Congress is petrified the Supreme Court will take the case and strike down the whole congressional Reconstruction plan. No way Congress will allow this after all the Union blood spilled. Indeed, at the very same time, Congress is trying the impeachment of President Andrew Johnson, basically accusing him of disloyalty. So Congress takes action: it strips the Court’s jurisdiction to hear McCardle’s case, all the while pretending it is not doing much.
What will the Court do in the face of this threat to power? Stand idly by, to be, as one member of Congress put it, ravished without a cry?
(Hint: the Court knows a superior force when it encounters one!)
“On the one hand, it is troubling that the fate of the Republic on critical issues would be decided by nine unelected and relatively unaccountable people. On the other, the rule of law seems to compel judicial independence; the Constitution would mean nothing at all if passing majorities always had their way.”
The Roberts Court is already under the microscope. It was chastised by the President for its decision in Citizens United, the case striking down congressional regulation of corporate spending in elections. The Court is widely seen as extremely pro-corporate America during a populist moment.
In its next Term, the Supreme Court will face some of its largest issues in years. At the top of the list is “Obamacare.” Some courts have held that the congressional requirement that the uninsured buy health care violates the Constitution. Critics have already observed that judges upholding the law were appointed by Democratic presidents; those who have struck it appointed by Republicans. Then, there is Arizona’s controversial measures to challenge illegal immigrants with aggressive policing. California’s gay marriage case is also likely to find its way to the Court.
What can we expect out of the Justices? It is difficult to say.
The claim I make in The Will of the People is not that the Court always follows public opinion. But that, surely, the Court is influenced by it, and that, in the long run, the Court tends to fall into line.
So if you want to know which way the Court may go, the tea leaves to watch are public opinion on all these issues.
This is a claim about which I am deeply ambivalent—as might you be. On the one hand, it is troubling that the fate of the Republic on critical issues would be decided by nine unelected and relatively unaccountable people. On the other, the rule of law seems to compel judicial independence; the Constitution would mean nothing at all if passing majorities always had their way.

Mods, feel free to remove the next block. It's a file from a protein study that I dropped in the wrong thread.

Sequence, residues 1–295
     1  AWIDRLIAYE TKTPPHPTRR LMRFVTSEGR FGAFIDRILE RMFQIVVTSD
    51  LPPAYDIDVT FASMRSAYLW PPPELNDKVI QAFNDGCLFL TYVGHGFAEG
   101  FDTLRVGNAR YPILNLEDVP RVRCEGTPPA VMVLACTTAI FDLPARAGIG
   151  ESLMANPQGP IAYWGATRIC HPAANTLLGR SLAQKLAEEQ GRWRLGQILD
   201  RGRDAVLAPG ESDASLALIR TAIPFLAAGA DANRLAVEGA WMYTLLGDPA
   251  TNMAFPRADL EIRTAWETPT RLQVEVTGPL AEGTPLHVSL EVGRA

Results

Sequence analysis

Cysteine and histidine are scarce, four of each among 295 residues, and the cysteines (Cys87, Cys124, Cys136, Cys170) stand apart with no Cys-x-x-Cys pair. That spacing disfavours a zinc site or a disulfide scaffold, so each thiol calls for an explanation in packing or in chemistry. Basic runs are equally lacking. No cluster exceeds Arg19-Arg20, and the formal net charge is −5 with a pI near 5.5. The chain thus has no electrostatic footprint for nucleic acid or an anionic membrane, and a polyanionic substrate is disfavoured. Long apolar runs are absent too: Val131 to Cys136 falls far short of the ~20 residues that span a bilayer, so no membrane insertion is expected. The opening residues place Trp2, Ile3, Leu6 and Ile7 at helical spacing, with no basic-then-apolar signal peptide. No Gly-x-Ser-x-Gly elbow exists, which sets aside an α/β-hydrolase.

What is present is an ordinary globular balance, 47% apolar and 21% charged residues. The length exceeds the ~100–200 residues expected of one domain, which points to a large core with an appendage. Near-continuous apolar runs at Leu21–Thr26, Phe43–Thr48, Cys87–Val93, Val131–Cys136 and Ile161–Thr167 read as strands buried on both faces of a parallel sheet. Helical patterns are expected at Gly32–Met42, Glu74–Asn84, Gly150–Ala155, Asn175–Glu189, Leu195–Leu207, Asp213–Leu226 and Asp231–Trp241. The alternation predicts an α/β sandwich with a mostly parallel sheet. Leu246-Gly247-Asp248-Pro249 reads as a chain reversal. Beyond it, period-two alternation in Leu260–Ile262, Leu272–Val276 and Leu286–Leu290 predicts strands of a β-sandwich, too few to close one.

Here’s a way to put a face on it all that seems both plausible and attractive. Perhaps what the Supreme Court does is focus the attention of the American people on the question of what the Constitution should mean.
The American Constitution is well over 200 years old. You are deluding yourself if you think that our Constitution means today what it meant in 1787, or that the Court so interprets it—or that it could!
One alternative, that the Constitution means whatever a majority of nine people decide it means, is itself not very comforting: major issues are decided by 5-4 votes.
Yet, IF what really happens is that Supreme Court decisions force us to debate fundamental issues—abortion, presidential power over Guantanamo detainees, etc.—and to come to some long-term social consensus about our most fundamental values; and IF the Court ultimately comes to mirror those values—THEN perhaps this is a plausible story about the role of the Supreme Court in American society.
Barry Friedman is the Jacob D. Fuchsberg Professor of Law at New York University School of Law. For twenty-five years, he has had one foot in the academy and one foot in legal practice. He has been a clerk with Judge Phyllis Kravitch on the Eleventh Circuit, practiced at Davis, Polk & Wardwell, taught at the University of Alabama, Georgetown University, Vanderbilt University, and now NYU. He has published over fifty academic articles in leading journals, and, along with Steven Burbank, co-edited Judicial Independence: An Interdisciplinary Approach. Friedman has been the affiliate president of the American Civil Liberties Union of Tennessee, and he contributes regularly to The New Republic, The New York Times, The American Lawyer, Forbes.com, and others. The Will of the People, featured in his Rorotoko interview, is his first book.